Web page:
NewsHong Kong: Four democracy movement leaders arrested

Hong Kong: Four democracy movement leaders arrested

The Hong Kong authorities are taking massive action against critics with the controversial security law. Four prominent activists behind the annual memorial for the victims of the 1989 massacre in China are arrested.

Hong Kong – Four leading activists have again been arrested in the law enforcement campaign against the democratic opposition in Hong Kong. The arrests were based on the controversial new security law.

The Hong Kong Alliance in Support of the Patriotic Democratic Movements in China announced that the State Security Police picked up vice chairwoman and lawyer Chow Hang-tung and board members Leung Kam-wai, Tang Ngok-kwan and Chan Dor-wai.

The group previously hosted the annual Hong Kong events to commemorate the victims of the bloody crackdown on democracy movement in China on June 4, 1989. Hundreds of thousands attended their candle devotions on the anniversary of the massacre. On Tuesday, the day before the arrest, the four leading members of the alliance refused to cooperate with the authorities in investigations based on the security law and to disclose confidential data. The group is suspected of “conspiracy with foreign forces”.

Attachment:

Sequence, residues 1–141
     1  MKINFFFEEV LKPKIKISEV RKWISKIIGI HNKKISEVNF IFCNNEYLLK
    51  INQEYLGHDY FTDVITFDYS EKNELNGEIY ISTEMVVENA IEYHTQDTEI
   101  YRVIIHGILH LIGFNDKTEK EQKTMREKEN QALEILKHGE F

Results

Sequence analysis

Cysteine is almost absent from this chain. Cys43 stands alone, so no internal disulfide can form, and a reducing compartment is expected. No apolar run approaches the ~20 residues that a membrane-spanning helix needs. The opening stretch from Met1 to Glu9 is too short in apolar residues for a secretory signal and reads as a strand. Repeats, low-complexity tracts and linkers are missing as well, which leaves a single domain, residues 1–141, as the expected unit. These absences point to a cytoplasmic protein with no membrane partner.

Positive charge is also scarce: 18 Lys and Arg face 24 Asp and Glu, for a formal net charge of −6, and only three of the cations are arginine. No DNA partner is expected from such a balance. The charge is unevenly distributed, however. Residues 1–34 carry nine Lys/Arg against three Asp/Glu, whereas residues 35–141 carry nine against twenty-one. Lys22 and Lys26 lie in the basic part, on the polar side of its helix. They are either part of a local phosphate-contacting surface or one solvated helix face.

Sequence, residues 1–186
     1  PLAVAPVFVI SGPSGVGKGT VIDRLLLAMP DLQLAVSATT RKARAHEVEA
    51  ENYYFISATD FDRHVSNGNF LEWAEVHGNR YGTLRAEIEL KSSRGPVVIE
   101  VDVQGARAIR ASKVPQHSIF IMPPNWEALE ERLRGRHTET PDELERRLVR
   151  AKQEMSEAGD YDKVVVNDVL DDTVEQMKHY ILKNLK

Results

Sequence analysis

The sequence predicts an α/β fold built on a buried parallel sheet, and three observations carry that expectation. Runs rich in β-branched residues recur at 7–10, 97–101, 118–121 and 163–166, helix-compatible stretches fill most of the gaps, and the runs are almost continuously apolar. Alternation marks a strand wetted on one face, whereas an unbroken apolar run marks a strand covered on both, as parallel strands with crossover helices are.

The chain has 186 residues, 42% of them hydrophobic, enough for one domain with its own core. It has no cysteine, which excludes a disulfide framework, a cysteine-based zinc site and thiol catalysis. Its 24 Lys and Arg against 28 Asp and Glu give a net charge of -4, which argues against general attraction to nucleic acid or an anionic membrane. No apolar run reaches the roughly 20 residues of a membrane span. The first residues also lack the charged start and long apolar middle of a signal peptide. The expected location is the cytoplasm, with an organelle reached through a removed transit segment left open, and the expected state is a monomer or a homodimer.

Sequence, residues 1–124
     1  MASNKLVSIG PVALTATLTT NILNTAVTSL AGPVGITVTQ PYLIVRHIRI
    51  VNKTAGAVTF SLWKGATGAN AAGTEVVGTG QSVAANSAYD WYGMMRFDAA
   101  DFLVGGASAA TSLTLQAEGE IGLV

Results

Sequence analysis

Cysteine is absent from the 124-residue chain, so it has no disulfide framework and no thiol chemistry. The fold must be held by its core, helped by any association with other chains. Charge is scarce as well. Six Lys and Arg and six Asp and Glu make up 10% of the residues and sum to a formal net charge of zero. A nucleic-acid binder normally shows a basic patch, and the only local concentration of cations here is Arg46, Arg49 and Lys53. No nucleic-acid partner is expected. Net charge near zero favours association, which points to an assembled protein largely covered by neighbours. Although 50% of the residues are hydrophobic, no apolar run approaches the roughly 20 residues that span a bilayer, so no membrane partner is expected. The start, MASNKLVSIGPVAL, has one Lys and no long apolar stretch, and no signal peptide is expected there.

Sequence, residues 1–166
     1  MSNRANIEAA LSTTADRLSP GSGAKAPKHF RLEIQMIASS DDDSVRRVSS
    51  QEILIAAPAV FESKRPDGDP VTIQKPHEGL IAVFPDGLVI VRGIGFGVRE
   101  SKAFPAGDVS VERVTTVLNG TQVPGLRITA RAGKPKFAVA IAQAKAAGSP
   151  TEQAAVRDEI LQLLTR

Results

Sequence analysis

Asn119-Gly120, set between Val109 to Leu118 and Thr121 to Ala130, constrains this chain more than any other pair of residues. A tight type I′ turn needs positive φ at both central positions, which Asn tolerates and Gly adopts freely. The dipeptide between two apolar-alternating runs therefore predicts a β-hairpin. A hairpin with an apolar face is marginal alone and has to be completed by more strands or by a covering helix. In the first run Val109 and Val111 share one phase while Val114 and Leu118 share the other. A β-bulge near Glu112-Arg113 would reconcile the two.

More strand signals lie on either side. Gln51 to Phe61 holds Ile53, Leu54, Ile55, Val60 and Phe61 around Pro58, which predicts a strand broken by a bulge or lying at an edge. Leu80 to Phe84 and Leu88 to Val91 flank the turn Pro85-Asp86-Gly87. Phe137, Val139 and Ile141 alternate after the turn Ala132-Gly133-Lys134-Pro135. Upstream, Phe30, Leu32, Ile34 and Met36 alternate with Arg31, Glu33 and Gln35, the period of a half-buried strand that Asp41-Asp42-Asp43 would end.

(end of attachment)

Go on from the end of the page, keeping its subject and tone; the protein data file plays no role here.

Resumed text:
In a letter to the Hong Kong police chief, Allianz denied the allegation of being a “foreign agent”. From their point of view, there is no legal basis for the request to provide the requested information. These are data and financial records related to the association’s cooperation with other pro-democratic groups.

Since the authorities of the Chinese Special Administrative Region have massively curtailed the space for opposition activities with the security law, the alliance, like many other civilian organizations, has already been forced to disband after 32 years. An extraordinary general assembly of its members should formalize the move this month.

International criticism of the security law

After the ongoing demonstrations and calls for more democracy in Hong Kong, the communist leadership in Beijing passed the security law in summer 2020, which also met with sharp criticism internationally. It targets the pro-democratic opposition and is vaguely directed against activities that Beijing sees as subversive, separatist, terrorist or conspiratorial.

Since then, the law has served the Hong Kong authorities to take action against the democracy movement. Dozens of activists have already been arrested or awaiting trial. Some have already been convicted. Many opposition members have fled abroad for fear of prosecution. Ordinary citizens are also leaving the Asian economic and financial metropolis: In the twelve months since the security law was passed, Hong Kong’s population has already shrunk by 90,000.

Since July 1, 1997, the former British crown colony of Hong Kong has belonged to China again and is governed autonomously as a special administrative region. Actually, the seven million Hong Kong residents should enjoy “a high degree of autonomy” and many more political freedoms by 2047. However, critics believe that the Beijing Security Act has replaced the long-standing principle of “one country, two systems” with “one country, one system”. dpa

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